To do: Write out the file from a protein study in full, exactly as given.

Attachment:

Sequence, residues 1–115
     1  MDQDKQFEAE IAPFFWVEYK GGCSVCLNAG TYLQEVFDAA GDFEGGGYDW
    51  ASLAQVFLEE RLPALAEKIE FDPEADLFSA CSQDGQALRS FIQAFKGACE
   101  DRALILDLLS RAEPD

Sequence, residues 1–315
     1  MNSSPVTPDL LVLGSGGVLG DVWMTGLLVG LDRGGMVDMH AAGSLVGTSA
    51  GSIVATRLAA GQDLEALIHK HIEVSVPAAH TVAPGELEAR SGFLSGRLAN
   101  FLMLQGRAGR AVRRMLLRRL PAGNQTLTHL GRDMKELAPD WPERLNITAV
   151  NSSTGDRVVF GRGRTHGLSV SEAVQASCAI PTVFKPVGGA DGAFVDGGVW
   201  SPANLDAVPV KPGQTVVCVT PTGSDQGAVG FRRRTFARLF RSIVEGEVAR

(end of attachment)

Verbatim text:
Sequence, residues 1–115
     1  MDQDKQFEAE IAPFFWVEYK GGCSVCLNAG TYLQEVFDAA GDFEGGGYDW
    51  ASLAQVFLEE RLPALAEKIE FDPEADLFSA CSQDGQALRS FIQAFKGACE
   101  DRALILDLLS RAEPD

Sequence, residues 1–315
     1  MNSSPVTPDL LVLGSGGVLG DVWMTGLLVG LDRGGMVDMH AAGSLVGTSA
    51  GSIVATRLAA GQDLEALIHK HIEVSVPAAH TVAPGELEAR SGFLSGRLAN
   101  FLMLQGRAGR AVRRMLLRRL PAGNQTLTHL GRDMKELAPD WPERLNITAV
   151  NSSTGDRVVF GRGRTHGLSV SEAVQASCAI PTVFKPVGGA DGAFVDGGVW
   201  SPANLDAVPV KPGQTVVCVT PTGSDQGAVG FRRRTFARLF RSIVEGEVAR